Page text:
In order to be able to use the Y-Utility spreadsheet to sort the sortable spreadsheet based upon distance to an MRCA, you will need to ensure that the rows on the Y-Utility spreadsheet are in the same order as the rows on the sortable spreadsheet.

Y-Utility offers a large number of options, including, inter alia, probabilities (50%, 95%, or a custom number (defaulted to 75%)), mutation rates (I’ve been using the FTDNA mutation rates), and years/generations. After (or before) you have chosen these options, you should paste the identification and marker values into the box under the legend “Paste haplotype or setup data here.” Clicking the “Execute” button will yield the test results.

You can cut and paste the Y-Utility results into an Excel spreadsheet; you will likely find it preferable to paste each Y-Utility spreadsheet into a different page of an Excel spreadsheet, as I have done. You will need to adjust column widths.

Janzen Spreadsheets 

A Janzen spreadsheet may easily be adapted for other groups of Y-DNA results. The spreadsheet may be downloaded at http://www.timjanzen.com/dna.html. Alternatively, you may use a Janzen spreadsheet posted on this website if you delete the text; you should not delete the rows of text.

If you want to prepare a Janzen spreadsheet for a subset of R1a1a Ashkenazi Levites, you can cut and paste from the second page included in the R1a1a Y-DNA sortable spreadsheet (“67 Markers for Other Utilities”) or the third page included in that spreadsheet (“111 Markers for Other Utilities”). You will want to cut beginning at Column C (the first marker, DYS393) and ending at Column BR or Column DJ (the kit number, date, and ancestor information), respectively.

If you want to prepare a Janzen spreadsheet for a different group of men, you should find the test results for the group of interest and place into separate cells those marker values reported by Family Tree DNA as multiple numbers separated by dashes. You do not need to include kit numbers or names, but including that information may be helpful in ensuring that you have included the marker values that you want to include (but have done so only once).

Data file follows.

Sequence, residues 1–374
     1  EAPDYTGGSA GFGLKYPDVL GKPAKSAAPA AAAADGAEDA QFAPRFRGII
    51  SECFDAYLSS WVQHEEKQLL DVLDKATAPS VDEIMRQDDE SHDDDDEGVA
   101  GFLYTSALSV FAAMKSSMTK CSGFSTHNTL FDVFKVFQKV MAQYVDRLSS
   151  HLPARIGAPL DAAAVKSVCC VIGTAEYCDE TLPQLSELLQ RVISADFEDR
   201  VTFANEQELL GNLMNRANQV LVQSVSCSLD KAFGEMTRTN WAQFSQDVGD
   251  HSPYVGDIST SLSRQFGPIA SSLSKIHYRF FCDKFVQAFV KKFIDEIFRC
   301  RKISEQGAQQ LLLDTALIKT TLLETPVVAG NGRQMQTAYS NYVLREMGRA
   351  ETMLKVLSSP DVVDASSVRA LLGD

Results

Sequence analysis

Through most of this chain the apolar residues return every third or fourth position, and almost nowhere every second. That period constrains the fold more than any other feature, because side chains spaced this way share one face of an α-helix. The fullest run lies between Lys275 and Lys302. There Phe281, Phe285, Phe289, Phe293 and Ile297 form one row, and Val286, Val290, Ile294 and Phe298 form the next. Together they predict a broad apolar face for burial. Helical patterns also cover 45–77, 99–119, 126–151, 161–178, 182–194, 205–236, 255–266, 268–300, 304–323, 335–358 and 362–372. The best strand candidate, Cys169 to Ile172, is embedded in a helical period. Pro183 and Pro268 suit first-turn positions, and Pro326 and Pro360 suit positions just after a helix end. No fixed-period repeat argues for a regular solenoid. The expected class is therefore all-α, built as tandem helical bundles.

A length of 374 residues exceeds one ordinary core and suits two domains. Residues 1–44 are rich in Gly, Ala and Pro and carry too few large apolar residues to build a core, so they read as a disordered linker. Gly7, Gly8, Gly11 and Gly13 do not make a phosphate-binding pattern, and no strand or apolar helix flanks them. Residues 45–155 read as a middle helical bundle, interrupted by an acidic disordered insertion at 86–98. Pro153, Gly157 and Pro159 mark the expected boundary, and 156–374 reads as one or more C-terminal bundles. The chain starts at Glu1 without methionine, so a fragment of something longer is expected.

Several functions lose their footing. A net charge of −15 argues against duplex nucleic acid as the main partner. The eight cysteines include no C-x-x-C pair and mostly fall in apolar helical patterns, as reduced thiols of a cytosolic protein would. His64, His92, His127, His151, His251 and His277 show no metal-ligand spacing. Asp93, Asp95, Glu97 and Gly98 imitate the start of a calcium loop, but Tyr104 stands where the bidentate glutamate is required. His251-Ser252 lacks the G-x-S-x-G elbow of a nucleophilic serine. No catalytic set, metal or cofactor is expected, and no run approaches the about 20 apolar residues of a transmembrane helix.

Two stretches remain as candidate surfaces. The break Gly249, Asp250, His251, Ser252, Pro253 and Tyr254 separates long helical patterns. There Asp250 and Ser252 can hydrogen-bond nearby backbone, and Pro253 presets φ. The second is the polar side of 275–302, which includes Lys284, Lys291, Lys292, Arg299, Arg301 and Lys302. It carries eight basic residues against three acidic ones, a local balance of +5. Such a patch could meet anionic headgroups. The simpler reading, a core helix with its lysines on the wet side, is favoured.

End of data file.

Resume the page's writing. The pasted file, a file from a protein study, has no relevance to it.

Fitch and Kitsch Phylogenetic Trees 

The PHYLIP program may be downloaded at http://evolution.genetics.washington.edu/phylip.html.

You paste the PHYLIP data so generated into a .txt file named infile, in the Programs subfolder of the PHYLIP folder that you have downloaded to your computer. Next, you open the Fitch or Kitsch application in the Programs subfolder. When prompted for the file name, type “infile.txt” (the program will not find the file without the extension). Fitch or Kitsch will then generate a phylogenetic tree; the process can take hours or days, depending upon the number of men whose results are included and the speed of your computer.

When you have the results, you’ll want to paste them into a Word file (or, if the results will not fit on a single page, into a .txt file). You’ll need to change the orientation from portrait to landscape, and you’ll probably need to expand the horizontal length of the page and, perhaps, to adjust the font size.

Preparing Star Trees 

Phylogenetic Network Software from Fluxus Technology Ltd. may be downloaded at http://www.fluxus-engineering.com/sharenet.htm.

In order to prepare a star tree using the Fluxus software, you use the Y-Utility function, in the manner discussed above, checking the box “Generate Fluxus phylogenetic network .ych data.” (If you’re interested in a subgroup of men, you may want to include the results for only those men.)

You paste the Fluxus data so generated into a .txt file, then close the file. Right click on the file's name and change the file extension to .ych, then save the file (as a .ych file).